But no matter. Article or no article, I will still be able to observe what, if anything, happens.

    :: 7 ::

    Answering Your Questions:

    • Question: We have dabbled in Latin but find it slips by the wayside. I seem to recall that you mentioned an online Latin class that one of your children was using, and I thought I wrote it down, but surprise, surprise! I can’t find it. What would you recommend for Latin grades 4 and 8 that will keep us on track and that could be done together?
      • Answer: My answer is Visual Latin! I love it love it and highly recommend it, and if you’re beginning Latin, I don’t see any reason why you can’t all do it together. Eventually, You’r Year 8 student might want to go faster, but in the beginning, you can all keep pace together. The nice part about the DVDs is that one student can start going faster without you personally teaching two different lessons of the same curriculum. So a couple things about this. First, the Compass Classroom back to school sale starts August 3. If you want Visual Latin, this is usually the best price of the year! Second, when your Year 8 student really takes off — so maybe 9th or 10th grade — I would switch him to Dwane Thomas’ online lessons for Lingua Latina, if you can afford them. They are excellent.

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  • Reply Dawn July 15, 2016 at 3:51 pm

    I didn’t realize it was a quintet either!! Cinnabar is actually in our family read aloud pile but we haven’t gotten to it yet. I’m all the more excited since it gets such a rave review from my buddy A:). My nearly 9 year old recently discovered Redwall, too, and is eager to continue the series. He’s read three thus far.

    Sooooooo excited for the new Schole Sisters season. If it’s anything like last season it is going to be fantastic.

  • Reply Karla (clay1416) July 15, 2016 at 7:15 am

    I don’t know about controversial, but the article you shared about accepting your loved ones as is, sums up my feelings. Thanks for sharing. As a mother of two kids with special needs (one autistic and one with NF1) I have learned this the hard way. They are who they are and the tricky part of being their mom is knowing when to let them be and when to work on habits! I really liked the example she gave of the man with the button obsession. My son has many behaviors that drive us crazy but we have learned that they are part of who he is and respect him (the equivalent of sewing the buttons every night).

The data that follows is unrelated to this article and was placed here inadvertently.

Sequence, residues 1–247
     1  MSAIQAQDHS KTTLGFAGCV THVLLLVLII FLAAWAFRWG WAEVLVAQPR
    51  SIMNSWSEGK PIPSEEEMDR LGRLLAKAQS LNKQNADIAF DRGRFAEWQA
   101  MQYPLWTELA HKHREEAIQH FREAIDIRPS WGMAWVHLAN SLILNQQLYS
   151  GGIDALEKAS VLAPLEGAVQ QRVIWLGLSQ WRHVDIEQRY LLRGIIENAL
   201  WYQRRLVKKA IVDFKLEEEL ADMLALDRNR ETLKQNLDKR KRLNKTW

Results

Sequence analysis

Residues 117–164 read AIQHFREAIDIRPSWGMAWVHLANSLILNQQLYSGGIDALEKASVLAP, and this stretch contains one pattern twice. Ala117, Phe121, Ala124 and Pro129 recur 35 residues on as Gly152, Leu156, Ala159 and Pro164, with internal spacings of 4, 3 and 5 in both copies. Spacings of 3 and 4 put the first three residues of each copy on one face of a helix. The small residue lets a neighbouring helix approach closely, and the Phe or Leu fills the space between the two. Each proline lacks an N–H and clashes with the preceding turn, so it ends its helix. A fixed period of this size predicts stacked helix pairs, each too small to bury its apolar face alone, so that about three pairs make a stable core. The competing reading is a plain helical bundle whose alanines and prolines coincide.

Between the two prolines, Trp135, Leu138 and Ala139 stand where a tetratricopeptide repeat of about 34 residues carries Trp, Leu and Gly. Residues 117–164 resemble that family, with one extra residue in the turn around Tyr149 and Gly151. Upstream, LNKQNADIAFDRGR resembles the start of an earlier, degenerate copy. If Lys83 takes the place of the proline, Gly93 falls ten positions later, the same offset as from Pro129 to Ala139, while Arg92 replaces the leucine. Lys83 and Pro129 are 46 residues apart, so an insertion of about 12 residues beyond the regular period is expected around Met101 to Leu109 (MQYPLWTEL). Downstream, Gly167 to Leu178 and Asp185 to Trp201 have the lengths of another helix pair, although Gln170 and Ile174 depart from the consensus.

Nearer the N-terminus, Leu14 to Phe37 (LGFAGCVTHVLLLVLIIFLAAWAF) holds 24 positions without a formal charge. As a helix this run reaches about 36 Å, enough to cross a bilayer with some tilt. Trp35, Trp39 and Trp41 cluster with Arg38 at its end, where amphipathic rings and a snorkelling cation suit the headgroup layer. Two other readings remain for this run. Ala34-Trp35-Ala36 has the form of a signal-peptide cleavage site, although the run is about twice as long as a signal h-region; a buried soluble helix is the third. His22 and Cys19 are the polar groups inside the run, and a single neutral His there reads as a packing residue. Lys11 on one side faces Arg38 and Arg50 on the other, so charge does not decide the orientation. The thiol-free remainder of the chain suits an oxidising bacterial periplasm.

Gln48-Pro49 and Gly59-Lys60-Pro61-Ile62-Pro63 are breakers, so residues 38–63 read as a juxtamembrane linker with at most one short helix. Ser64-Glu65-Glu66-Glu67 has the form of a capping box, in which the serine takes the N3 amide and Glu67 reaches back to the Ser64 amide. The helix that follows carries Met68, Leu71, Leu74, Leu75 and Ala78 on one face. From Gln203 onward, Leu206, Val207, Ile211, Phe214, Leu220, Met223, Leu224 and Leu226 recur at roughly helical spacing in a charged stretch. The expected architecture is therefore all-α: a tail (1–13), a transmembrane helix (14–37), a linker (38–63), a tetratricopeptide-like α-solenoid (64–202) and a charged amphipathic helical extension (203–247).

One of the hardest things I had to let go this year in order to respect my son as a person, an autistic person, but a person nonetheless, was my dream of doing AO perfectly. Doing CM perfectly. I had come up with this crazy idea that if my child finished a CM education just like the rest of his peers then he would be fine. That is the toxic idea of fixing someone and instead of using therapy, ABA, vitamins, etc, I was using AO/CM. I had to step back and let him be.
    We are still going to be doing AO and CM but are modifying them and going slower that before. That’s what he needs and I am finally guilt free (in that area at least!).

  • Reply Pam July 15, 2016 at 7:00 am

    THANK YOU for the Latin help! I am the worst at sorting through blog posts to try to find what I vaguely remember being out there somewhere. 🙂

  • Reply Ivy Mae July 15, 2016 at 2:48 am

    Wow, y’all are blessed to have such a pastor. I shared the article with my husband earlier in the week and we had a great discussion about it.

    • Reply Julie Zilkie July 15, 2016 at 7:48 am

      I agree. I just shared with my husband who is a pastor as well. We continue to be amazed though how many of our Christian peers seem to have their head buried in the sand when it comes to these issues in their children’s schools. I feel it is similar to the frog in the pot of water, as it heats to boiling before he even notices he may need to get out to escape with his life. Thank you for sharing this.